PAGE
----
Thermal spray coating is an industrial coating process that consists of a heat source (flame or other) and a coating material (in powder or wire form). The coating is melted into tiny droplets and sprayed onto a surface at high velocity. Upon impact, a bond forms with the surface. Repeated passes build up the thermal spray coating and form a layered structure.
Thermal spray coatings are used in industries such as aerospace and power generation. The trend toward more heat-intensive processes, however, has exposed the inadequacy of current cooling solutions and highlighted the need for better thermal management of the coating process.
High velocity oxygen fuel (HVOF) thermal spray is widely used for coating critical wear parts like landing gear, bearing races, valves and turbine components. In HVOF, a significant amount of thermo-kinetic energy is required to deposit a dense coating onto the work surface. A portion of this energy, manifested as heat, is absorbed by the workpiece. Improper temperature control during thermal deposition can lead to:
- Coating and workpiece overheating.
- Thermal deformation.
- Degradation of substrate material properties.
- Spalling of coatings.
All can occur due to damaging stresses that result from mismatched thermal expansion coefficients between the coating and substrate.
Consequently, thermal management of the workpiece is extremely critical for the spray-deposition process. Compressed-air jets are the primary cooling method for most HVOF thermal spray operations; however, air cooling often is insufficient. Oxygen and moisture present in the cooling air are detrimental to the coating quality.
In spray operations involving tighter temperature control, even with an air-cooling solution, manufacturers often are forced to introduce breaks in the process cycle so that the accumulated heat can dissipate into the ambient environment. During these cooling breaks, the spray gun is moved away from the part but continues firing, resulting in wasted feed powder, process gas and booth production time.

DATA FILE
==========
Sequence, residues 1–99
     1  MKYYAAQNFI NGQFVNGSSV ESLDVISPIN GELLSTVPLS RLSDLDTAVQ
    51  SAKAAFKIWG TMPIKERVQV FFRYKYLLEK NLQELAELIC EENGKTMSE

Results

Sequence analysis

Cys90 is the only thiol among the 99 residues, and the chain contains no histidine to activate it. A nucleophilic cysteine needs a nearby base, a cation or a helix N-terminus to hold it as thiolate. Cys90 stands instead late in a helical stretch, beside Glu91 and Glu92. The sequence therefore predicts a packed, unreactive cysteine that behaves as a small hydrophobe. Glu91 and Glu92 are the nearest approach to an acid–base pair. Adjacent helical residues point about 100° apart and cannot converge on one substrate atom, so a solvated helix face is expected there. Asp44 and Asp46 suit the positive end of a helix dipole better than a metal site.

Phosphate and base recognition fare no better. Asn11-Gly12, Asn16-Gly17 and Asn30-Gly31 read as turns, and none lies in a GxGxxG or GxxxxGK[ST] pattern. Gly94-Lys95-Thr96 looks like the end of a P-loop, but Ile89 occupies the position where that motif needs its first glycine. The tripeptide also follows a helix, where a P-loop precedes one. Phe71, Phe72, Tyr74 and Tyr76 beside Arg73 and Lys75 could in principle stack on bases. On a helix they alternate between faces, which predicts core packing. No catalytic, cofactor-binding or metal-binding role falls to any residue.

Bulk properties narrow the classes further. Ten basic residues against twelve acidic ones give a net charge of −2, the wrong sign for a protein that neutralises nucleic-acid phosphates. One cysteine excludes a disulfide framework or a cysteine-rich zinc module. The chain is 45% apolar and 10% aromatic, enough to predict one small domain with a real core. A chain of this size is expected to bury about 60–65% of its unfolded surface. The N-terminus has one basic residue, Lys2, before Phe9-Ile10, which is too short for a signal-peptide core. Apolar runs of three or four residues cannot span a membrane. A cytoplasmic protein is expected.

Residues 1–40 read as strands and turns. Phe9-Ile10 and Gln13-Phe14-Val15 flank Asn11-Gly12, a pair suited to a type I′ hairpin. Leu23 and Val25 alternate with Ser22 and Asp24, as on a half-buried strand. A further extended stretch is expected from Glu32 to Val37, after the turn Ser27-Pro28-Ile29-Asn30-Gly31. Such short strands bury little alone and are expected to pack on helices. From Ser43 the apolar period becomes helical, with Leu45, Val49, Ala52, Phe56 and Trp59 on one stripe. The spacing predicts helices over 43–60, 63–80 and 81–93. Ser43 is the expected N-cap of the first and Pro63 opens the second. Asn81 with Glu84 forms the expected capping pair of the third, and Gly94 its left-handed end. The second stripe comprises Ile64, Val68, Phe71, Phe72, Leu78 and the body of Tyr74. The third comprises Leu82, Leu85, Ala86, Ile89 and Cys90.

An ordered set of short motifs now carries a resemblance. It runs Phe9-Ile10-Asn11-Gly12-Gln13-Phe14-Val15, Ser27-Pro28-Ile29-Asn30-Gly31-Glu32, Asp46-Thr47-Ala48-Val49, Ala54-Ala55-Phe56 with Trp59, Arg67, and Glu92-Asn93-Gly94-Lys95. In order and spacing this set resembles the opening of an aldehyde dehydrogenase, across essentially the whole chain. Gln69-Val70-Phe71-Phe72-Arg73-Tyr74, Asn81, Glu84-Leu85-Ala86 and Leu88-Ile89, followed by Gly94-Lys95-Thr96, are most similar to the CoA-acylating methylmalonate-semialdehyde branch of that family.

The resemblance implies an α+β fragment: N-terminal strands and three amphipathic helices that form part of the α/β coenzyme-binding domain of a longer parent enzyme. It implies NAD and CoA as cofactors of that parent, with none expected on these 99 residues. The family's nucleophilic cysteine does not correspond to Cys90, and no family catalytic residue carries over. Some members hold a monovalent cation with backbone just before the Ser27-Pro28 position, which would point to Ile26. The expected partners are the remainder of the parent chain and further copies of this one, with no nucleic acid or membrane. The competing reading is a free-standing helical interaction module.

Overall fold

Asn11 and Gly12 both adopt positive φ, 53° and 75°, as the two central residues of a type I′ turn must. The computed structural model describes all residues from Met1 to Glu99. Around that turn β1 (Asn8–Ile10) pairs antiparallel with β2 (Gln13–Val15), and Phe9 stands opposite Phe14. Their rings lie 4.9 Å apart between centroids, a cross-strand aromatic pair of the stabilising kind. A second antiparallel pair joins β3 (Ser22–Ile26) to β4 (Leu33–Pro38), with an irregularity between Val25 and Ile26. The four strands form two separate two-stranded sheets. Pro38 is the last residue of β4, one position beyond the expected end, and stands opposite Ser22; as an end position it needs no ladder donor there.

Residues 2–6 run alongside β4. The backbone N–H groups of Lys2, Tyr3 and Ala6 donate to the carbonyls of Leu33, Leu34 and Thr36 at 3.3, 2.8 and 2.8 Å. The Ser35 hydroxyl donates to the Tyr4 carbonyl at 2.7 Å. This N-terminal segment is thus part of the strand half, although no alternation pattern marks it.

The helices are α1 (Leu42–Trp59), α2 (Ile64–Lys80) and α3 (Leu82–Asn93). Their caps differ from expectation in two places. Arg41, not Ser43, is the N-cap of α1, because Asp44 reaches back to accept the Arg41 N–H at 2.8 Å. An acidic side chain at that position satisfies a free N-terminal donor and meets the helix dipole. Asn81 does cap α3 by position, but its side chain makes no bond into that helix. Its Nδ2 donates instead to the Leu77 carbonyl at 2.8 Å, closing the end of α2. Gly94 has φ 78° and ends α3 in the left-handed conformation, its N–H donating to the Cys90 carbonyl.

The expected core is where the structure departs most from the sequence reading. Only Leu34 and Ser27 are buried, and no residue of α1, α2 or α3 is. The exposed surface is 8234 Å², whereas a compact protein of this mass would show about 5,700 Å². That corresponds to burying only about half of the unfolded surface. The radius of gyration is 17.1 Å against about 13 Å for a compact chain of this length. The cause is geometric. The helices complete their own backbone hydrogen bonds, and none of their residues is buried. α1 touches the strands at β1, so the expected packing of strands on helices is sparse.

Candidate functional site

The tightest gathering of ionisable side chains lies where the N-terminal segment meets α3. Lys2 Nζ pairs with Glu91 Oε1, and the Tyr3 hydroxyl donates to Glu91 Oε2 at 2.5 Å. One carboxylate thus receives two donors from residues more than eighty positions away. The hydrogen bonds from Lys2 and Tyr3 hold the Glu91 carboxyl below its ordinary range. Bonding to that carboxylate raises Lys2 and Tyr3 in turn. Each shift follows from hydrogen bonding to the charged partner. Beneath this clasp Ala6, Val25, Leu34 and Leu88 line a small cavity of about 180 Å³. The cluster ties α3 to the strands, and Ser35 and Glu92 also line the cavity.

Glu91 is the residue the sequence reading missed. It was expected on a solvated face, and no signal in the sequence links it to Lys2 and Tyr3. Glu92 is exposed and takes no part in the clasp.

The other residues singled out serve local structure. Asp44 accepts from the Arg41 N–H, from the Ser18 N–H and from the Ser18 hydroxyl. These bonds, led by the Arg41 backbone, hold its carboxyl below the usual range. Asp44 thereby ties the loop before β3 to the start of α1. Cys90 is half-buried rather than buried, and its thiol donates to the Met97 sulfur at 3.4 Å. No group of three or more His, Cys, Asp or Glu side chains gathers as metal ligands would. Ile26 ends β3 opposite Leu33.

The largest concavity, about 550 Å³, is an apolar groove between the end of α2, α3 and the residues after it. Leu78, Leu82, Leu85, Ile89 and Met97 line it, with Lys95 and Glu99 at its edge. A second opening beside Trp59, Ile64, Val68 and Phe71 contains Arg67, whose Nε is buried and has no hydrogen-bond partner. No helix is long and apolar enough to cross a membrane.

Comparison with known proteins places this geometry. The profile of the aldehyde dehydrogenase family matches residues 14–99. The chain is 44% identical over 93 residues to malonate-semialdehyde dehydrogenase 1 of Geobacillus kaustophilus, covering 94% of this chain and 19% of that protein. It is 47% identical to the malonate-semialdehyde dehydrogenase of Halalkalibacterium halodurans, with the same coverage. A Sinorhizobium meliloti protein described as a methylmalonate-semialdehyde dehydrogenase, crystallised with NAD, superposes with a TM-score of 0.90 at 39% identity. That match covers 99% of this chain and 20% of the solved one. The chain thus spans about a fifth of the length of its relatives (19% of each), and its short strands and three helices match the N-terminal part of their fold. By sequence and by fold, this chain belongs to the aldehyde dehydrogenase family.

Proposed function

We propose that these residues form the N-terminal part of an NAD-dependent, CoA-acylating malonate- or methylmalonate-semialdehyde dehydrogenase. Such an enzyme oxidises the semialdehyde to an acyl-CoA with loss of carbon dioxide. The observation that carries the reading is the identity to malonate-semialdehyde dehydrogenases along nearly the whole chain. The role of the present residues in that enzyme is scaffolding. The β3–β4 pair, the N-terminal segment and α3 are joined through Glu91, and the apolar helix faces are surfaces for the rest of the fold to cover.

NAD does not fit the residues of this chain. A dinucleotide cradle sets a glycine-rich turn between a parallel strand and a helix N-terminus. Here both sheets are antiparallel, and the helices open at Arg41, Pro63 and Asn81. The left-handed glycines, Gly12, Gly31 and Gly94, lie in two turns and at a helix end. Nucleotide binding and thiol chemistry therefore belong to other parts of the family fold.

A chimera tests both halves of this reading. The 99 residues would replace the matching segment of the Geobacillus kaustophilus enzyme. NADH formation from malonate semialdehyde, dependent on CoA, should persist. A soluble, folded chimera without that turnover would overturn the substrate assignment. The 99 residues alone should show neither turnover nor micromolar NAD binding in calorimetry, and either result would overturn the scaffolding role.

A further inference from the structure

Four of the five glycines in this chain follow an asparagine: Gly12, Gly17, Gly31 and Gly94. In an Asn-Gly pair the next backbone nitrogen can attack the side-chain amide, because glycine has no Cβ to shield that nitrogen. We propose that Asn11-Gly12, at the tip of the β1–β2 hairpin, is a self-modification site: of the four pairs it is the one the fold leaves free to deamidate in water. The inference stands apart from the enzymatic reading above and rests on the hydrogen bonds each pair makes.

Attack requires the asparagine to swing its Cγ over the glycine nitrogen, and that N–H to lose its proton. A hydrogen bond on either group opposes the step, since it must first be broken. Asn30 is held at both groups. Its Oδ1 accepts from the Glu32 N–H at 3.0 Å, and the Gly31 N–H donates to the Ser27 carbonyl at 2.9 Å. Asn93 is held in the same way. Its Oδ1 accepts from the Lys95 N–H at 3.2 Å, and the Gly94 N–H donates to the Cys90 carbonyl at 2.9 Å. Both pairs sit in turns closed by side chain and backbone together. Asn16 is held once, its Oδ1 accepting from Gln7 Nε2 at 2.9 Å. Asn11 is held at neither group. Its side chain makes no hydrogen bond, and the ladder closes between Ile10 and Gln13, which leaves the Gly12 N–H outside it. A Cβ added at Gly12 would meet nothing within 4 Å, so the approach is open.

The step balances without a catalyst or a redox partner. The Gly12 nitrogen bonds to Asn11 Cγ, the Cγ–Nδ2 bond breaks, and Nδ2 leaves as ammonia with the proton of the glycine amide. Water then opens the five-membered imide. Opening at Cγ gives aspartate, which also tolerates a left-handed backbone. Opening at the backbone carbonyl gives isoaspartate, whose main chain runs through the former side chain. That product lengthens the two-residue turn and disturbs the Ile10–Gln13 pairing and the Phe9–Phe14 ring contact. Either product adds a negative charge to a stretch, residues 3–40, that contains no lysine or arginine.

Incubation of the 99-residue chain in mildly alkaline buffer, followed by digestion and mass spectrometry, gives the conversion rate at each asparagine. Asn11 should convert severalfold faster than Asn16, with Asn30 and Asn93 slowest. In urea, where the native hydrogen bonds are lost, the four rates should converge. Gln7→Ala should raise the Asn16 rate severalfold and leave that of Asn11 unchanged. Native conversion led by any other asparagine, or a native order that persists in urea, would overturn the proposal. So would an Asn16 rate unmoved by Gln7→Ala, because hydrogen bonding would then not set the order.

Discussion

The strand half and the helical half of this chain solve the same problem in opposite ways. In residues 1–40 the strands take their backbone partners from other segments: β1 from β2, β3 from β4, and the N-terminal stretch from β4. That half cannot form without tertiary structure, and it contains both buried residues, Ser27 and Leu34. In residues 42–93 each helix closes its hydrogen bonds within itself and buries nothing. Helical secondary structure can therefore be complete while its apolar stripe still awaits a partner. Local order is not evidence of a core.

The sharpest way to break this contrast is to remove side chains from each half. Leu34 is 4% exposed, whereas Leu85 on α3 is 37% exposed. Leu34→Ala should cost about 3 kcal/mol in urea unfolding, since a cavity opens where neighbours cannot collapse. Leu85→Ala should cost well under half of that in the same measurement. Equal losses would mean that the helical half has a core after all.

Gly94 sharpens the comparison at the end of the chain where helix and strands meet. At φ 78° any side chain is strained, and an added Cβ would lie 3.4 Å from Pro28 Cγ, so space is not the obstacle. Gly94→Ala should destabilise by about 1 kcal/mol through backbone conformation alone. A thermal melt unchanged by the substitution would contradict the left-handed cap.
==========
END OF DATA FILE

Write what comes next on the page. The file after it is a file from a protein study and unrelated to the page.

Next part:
Another issue affecting productivity in spray-coating operations is the setup time for masking and demasking. It is important to mask certain areas of the part where the coating is not needed. The desirable characteristics of a masking tape are flexibility, ease of application and removal, quick cleanup and extended useful life. A variety of masking tapes are available with materials of construction such as fiberglass, polymer and silicone rubbers, and metals. Metal tapes usually are difficult to make and install. While the fiberglass and polymer tapes offer ease of installation, they are difficult to remove and require extensive post-spray cleaning. Inadequacy of air cooling and temperature buildup are the primary reasons for tape degradation (e.g., thermal decomposition, hardening or tape embrittlement).
FIGURE 2. Data depicting cryogenic nitrogen vapor cooling versus conventional air cooling during deposition (11 spray passes) of a WC-Co-Cr coating on aerospace landing gear demonstrates that cryogenic nitrogen vapor cooling can improve productivity over air-cooled processes.
Cryogenic Nitrogen Cooling for Thermal Spray